But then the Mar-a-Lago documents investigation, we saw that peak with the FBI search at Mar-a-Lago back in August, but that has been ongoing for

several months as well. So you're right, it will take time for this new special counsel to get up to speed here. And the big question is, how

quickly will he act? Will this be a wide-ranging investigation or a long investigation, as we've seen with John Dermot -- Durham, especially

complicating things, the fact that the former president will be running for president again at the same time this investigation is ongoing from the

special counsel. So a lot of outstanding questions here.

SCHNEIDER: And in fact -- and I want to make sure that Kristen Holmes is still with us, because she has the reporting on the reaction from the Trump

team, it is so interesting, Kristen, the law of unintended consequences because President Trump, many, many people in his orbit, felt announced so

quickly for another run at the White House in order to insulate himself from any indictment when in fact it was the announcement that the Attorney

General just said was the catalyst for naming the special counsel who may end up with an indictment.

KRISTEN HOLMES, CNN NATIONAL CORRESPONDENT: Well, that's right. And I just got off the phone with a source that is familiar with how the campaign is

operating. And they are -- they were aware of this. As Kaitlan said that the legal team was dreading this, so was the campaign team. They believe

that this could be coming.

And we have to continue to say that part of the reason that allies believe that former President Trump was announcing so early, in addition to wanting

to freeze the field and get out there was also that he wanted to, as you said, insulate your -- himself and have these legal protections and be able

to continue to campaign on the idea that he is the victim of a political witch hunt.

This is something that we have heard from him since these investigations began. And we heard it on Tuesday night when we were at his announcement.

He referred to himself as a victim multiple times. He said that the Justice Department was weaponized against him. He has continued to talk about the

FBI in the same way. And this clearly, as you said, and as Garland said, this was a catalyst not serving as the -- what they had hoped it would do,

which was give him back those legal protections.

However, I do not think that it seems, at least now, that Trump is going to change his tactics in any way. We know that he has doubled down on this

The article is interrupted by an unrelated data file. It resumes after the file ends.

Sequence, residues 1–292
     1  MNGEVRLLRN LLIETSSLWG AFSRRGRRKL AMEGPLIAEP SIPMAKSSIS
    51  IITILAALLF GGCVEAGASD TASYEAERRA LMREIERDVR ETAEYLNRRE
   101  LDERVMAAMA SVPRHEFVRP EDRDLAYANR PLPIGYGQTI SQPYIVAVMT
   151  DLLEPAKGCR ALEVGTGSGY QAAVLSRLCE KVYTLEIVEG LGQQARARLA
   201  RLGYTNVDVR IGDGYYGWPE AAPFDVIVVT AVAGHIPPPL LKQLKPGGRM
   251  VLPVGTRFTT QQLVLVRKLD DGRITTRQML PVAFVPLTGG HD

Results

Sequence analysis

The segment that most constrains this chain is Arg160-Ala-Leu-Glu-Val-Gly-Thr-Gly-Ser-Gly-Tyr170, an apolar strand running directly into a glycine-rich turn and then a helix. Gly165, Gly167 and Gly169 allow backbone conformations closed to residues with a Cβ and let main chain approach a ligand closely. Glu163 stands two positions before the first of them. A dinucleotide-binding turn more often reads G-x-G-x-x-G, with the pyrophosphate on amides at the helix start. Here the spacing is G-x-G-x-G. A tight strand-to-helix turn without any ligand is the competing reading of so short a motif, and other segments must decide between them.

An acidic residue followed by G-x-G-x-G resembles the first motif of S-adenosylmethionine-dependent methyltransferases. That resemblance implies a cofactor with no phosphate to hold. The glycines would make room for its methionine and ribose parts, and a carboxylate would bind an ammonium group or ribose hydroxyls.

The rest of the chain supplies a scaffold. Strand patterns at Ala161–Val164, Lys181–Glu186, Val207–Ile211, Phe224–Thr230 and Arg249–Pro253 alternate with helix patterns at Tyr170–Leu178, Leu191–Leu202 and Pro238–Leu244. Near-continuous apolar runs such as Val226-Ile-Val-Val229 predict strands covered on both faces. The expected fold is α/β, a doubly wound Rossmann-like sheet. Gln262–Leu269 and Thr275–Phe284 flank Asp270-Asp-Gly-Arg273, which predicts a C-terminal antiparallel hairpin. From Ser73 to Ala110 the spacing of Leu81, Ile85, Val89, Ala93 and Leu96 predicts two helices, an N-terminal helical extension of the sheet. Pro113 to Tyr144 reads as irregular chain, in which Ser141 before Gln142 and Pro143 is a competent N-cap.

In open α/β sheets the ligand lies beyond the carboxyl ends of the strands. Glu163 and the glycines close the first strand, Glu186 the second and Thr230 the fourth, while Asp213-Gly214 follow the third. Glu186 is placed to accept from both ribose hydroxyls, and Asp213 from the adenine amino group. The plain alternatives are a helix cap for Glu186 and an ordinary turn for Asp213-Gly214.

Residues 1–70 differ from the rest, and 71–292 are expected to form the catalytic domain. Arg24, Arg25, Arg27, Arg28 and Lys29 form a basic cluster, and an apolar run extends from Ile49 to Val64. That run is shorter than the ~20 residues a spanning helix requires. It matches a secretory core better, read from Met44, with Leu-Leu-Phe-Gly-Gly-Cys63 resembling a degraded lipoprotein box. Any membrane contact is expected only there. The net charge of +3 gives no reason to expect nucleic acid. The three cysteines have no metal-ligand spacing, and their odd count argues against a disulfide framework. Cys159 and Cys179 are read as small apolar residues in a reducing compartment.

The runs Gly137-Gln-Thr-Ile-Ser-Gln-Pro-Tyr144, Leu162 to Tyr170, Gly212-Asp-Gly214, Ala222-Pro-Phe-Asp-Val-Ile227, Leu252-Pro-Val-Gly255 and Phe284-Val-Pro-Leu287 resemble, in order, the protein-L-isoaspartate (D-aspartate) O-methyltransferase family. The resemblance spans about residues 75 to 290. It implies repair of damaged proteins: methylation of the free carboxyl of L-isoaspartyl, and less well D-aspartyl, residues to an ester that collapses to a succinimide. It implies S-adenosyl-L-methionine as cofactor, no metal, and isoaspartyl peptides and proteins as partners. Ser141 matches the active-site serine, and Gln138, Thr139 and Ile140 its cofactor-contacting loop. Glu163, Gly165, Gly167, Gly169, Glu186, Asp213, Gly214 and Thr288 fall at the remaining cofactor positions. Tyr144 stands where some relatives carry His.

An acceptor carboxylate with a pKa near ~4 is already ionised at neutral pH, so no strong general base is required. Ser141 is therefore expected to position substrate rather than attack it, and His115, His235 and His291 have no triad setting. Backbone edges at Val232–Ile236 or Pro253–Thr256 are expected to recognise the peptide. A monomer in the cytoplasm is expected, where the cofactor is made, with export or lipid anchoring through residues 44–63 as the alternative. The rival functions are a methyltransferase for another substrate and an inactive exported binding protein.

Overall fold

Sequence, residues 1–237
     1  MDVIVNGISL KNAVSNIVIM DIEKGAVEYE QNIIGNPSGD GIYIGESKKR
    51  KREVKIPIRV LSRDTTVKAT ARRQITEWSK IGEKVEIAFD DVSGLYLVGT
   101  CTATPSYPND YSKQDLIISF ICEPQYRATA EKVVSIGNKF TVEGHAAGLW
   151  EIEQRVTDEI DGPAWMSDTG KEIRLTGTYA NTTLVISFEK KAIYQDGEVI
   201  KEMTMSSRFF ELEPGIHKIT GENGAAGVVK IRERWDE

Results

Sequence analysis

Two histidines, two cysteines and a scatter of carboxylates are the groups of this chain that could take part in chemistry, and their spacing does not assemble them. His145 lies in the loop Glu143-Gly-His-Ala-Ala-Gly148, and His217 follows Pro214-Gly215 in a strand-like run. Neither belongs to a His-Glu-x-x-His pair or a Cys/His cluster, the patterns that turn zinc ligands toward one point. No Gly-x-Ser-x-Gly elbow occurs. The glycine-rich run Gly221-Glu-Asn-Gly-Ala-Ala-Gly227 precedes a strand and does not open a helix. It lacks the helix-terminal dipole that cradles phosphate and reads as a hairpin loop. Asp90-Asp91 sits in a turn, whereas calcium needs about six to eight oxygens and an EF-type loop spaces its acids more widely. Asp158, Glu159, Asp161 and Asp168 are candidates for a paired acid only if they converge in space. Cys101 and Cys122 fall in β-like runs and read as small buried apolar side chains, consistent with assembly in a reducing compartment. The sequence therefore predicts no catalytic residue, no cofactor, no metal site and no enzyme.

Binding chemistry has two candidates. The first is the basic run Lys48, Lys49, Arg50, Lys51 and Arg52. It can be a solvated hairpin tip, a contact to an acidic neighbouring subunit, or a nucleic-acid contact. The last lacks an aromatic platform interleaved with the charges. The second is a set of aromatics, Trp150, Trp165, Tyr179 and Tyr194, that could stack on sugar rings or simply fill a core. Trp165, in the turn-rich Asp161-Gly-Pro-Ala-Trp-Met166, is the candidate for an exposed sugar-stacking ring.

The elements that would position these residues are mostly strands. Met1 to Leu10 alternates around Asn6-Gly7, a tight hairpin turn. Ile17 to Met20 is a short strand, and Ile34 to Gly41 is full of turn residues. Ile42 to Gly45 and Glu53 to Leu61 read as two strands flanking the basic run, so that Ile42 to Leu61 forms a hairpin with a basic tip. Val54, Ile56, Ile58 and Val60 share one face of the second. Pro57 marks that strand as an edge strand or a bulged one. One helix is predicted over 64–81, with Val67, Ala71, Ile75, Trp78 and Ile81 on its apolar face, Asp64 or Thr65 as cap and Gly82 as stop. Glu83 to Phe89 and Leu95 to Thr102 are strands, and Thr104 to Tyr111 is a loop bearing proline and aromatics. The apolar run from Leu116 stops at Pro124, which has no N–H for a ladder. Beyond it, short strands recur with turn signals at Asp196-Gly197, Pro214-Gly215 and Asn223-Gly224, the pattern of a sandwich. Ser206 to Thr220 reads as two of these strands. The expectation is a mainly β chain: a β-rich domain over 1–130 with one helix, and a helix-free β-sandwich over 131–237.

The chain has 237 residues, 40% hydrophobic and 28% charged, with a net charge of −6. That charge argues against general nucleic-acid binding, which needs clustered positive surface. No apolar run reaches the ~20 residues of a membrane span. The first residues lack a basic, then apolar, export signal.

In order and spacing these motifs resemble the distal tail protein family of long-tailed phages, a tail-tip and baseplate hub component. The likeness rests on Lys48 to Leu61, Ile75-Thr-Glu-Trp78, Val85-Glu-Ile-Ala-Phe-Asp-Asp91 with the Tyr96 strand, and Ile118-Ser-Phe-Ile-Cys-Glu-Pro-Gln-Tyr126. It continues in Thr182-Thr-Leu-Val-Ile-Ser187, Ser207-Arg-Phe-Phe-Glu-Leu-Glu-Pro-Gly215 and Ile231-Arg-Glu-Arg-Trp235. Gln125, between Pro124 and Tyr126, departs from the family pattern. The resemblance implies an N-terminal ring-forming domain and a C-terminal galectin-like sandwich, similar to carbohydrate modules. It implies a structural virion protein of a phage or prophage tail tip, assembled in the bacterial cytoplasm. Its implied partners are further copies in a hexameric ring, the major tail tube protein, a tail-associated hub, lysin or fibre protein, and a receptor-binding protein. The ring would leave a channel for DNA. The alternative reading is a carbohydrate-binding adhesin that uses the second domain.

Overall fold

idea that he is a victim, that this is all politics. So, to see him shift away from that in any way seems very unlikely.

BLACKWELL: Now, in fact --

ISA SOARES, CNN ANCHOR: I'm Isa Soares and you have been watching my colleagues in the United States. We'll, of course, stay across that

breaking news for you.


In the meantime, I want to bring you some international news we've been following here. Now, for nearly three months, protests have engulfed Iran

and they seem nowhere near ending, this despite, of course a very harsh government crackdown. Five alleged protesters are being sentenced to death

and human rights groups say more than 340 people have been killed since September.

Tragically, a young boy died on Wednesday and what state media said, it was a shooting incident in the southwest of the country. Our Jomana Karadsheh

has this report.


JOMANA KARADSHEH, CNN CORRESPONDENT: Nine-year-old Kian wanted to be an inventor. He shows off a wooden boat he made for a competition. We don't

know when this video was filmed. It surfaced on social media after little Kian was killed. He was one of a number of people killed Wednesday in what

state media said was a shooting incident in the southwestern city of Izeh where anti-government protests have been raging for days.

Family members say Kian was on his way home with his father when he was shot. The Iranian government says this was a terrorist attack. But

activists say Kian is a victim of the regime's ruthless crackdown on protests, one of more than forty children killed since September according